Southwest Airlines Plans to Get Back to Normal Operations on Friday
By Doina Chiacu and Ismail Shakil
WASHINGTON (Reuters) -Southwest Airlines Co. said it plans to return to normal operations on Friday after days of running at a third of its usual capacity due to disruptions triggered by a massive winter storm that swept much of the United States around the Christmas holiday.
The storm forced U.S. airlines to cancel thousands of flights around the holiday weekend, but Southwest’s problems deepened while other airlines largely recovered.
On Thursday, the airline had 2,357 canceled flights, or 58%, far more than other carriers, according to airline data tracker FlightAware.
Southwest plans to return to normal flight schedules on Friday, the airline said in a statement, adding it was eager to get back to normal ahead of the New Year holiday weekend.
The carrier has canceled more than 16,000 flights since last Friday and U.S. Transport Secretary Pete Buttigieg said on Wednesday the Southwest’s difficulties had gone beyond being a weather-driven issue and indicated a “system failure”.
Employee unions say they warned management at Southwest for years that its technology systems badly needed upgrades.
Flight attendants have been complaining about technological failures at the airline for years, according to Lyn Montgomery, president of the Southwest Airlines Flight Attendants Union, a local 556 of the Transport Workers Union.
The union leadership has raised the issue repeatedly, including in contract negotiations since 2018, she said. On a Sept. 27 picket line, she added, one sign read, “Picket line loading, Southwest Airlines technology failure.”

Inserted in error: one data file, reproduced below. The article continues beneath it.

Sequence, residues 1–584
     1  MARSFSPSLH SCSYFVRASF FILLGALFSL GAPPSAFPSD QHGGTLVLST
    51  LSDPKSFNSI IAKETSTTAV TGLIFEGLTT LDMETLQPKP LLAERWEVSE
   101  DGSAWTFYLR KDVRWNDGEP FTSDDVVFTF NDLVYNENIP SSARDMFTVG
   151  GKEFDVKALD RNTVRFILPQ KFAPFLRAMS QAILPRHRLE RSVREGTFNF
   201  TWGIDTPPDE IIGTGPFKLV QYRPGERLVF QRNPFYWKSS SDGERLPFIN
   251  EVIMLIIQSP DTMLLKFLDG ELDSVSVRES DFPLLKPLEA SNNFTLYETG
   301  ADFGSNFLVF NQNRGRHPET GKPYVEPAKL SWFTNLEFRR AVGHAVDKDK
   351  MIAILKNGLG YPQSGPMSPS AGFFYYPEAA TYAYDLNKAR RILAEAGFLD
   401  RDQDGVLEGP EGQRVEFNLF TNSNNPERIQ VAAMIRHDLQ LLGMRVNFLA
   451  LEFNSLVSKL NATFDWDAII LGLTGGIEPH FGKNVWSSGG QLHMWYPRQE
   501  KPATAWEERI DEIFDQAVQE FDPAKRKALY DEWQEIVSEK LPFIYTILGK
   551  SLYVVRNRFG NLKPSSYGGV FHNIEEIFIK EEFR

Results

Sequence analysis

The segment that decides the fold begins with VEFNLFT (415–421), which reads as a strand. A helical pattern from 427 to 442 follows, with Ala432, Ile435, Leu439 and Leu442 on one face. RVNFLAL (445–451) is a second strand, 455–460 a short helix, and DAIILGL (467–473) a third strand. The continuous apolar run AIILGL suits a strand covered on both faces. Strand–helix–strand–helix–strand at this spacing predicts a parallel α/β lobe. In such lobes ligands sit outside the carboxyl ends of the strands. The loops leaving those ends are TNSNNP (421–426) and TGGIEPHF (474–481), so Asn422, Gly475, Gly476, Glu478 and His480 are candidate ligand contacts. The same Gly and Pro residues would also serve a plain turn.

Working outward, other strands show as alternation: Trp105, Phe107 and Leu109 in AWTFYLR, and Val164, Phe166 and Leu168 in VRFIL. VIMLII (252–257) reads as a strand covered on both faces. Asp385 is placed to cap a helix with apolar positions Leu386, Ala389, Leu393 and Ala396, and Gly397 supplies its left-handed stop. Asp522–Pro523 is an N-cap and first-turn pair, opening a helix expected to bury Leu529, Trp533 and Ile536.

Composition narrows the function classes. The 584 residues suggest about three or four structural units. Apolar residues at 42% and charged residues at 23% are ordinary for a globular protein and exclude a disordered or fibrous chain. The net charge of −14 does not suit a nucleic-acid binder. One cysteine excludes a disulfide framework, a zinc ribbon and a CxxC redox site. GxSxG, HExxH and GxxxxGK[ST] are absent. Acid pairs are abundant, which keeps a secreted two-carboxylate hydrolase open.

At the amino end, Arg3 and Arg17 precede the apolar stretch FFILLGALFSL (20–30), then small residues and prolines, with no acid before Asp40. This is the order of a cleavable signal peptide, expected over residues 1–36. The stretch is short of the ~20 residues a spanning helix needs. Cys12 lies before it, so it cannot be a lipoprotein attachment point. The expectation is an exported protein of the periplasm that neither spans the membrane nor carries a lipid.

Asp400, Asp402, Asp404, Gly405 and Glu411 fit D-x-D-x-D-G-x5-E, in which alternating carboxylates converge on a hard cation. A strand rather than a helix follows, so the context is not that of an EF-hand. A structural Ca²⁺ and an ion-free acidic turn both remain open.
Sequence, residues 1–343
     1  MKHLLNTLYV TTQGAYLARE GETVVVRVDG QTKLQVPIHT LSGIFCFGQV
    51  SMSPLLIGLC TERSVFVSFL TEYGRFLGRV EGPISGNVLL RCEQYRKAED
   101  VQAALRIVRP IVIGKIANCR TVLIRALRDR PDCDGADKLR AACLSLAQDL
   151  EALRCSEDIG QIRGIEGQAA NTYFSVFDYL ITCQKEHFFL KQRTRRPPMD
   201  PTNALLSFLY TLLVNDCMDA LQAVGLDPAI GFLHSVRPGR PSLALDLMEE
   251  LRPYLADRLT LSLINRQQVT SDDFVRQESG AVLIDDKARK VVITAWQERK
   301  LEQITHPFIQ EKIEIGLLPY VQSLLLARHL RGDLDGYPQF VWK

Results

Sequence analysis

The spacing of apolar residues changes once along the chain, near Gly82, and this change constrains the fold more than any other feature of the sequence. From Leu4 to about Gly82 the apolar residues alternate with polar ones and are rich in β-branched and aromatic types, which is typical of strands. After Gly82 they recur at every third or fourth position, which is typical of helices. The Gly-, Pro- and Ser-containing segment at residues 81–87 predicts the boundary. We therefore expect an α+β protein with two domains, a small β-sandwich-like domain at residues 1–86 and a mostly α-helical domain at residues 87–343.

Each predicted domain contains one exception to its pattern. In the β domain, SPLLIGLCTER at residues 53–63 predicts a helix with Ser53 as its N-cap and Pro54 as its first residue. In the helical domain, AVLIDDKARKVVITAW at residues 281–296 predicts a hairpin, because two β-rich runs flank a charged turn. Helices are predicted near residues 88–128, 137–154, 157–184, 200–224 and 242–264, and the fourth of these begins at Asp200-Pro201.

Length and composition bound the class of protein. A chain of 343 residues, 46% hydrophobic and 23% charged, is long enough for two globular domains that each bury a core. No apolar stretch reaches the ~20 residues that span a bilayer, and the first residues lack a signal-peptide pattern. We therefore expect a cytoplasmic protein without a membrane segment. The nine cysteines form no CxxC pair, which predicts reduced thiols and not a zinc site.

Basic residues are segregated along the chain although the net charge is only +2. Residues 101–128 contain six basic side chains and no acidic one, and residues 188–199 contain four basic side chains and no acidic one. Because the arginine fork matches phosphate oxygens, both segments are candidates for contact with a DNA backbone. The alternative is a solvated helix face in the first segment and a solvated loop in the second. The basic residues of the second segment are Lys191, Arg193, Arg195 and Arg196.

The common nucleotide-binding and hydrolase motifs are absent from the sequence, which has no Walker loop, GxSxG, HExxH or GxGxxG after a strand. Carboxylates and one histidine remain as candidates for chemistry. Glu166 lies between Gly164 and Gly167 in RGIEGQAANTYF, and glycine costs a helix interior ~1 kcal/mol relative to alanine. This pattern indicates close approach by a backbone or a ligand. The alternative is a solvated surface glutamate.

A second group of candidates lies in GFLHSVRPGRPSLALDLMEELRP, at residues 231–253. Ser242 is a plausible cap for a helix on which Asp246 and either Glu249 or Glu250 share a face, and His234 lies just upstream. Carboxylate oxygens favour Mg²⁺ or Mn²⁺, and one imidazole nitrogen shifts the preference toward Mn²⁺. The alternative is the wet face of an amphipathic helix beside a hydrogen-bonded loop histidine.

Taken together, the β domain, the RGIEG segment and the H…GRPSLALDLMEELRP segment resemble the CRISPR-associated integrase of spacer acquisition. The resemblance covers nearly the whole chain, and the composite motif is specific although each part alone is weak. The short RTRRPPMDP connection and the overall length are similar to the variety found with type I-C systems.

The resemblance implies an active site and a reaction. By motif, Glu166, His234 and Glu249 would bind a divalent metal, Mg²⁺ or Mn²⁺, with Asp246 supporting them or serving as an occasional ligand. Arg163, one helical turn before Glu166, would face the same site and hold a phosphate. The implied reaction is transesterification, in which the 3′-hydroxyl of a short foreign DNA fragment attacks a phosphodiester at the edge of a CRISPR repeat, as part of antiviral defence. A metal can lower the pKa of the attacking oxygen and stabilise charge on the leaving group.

“There’s many ways it could have been avoided,” Montgomery said on Thursday on CNN, including commitments by Southwest executives to ensure that IT infrastructure would be able to meet the company’s growth.
The comments echoed those of the Southwest Airlines Pilots Association, which said leadership had failed to adapt operations to address repeated systems failures, despite years of calls for improvements by the union.
“The holiday meltdown has been blamed on weather that had been forecast five days prior, but this problem began many years ago, when the complexity of our network outgrew its ability to withstand meteorological and technological disruptions,” it said in a statement on Wednesday.
Improvements it called for included changes to crew scheduling software and communication tools that would have allowed displaced crews to remain in contact with the company.
Company officials acknowledged that current problems stem, in part, from an inability of internal logistics and scheduling systems to recover after widespread storm disruptions.
“We have much work ahead of us, including investing in new solutions to manage wide-scale disruptions,” Southwest said on Thursday.
Top executives apologized to customers this week and promised to address the issues that led to the disruptions.
Ryan Green, the airline’s chief commercial officer, said in a statement that “all the flexibility and planning that we put in place to deal with the storm just wasn’t enough.”
Southwest CEO Bob Jordan said the company needs to “double down on our already existing plans to upgrade systems for these extreme circumstances so that we never again face what’s happening right now.”
A Dec. 21 internal company memo pointed out a worker shortage in Denver, where Southwest has significant operations and which was hit hard by the winter storm, the Washington Post reported.
The U.S. Transportation Department is investigating the large number of cancelled and delayed Southwest flights in recent days to determine if they were in the airline’s control.
(Reporting by Doina Chiacu and Ismail ShakilEditing by Mark Porter and Frances Kerry)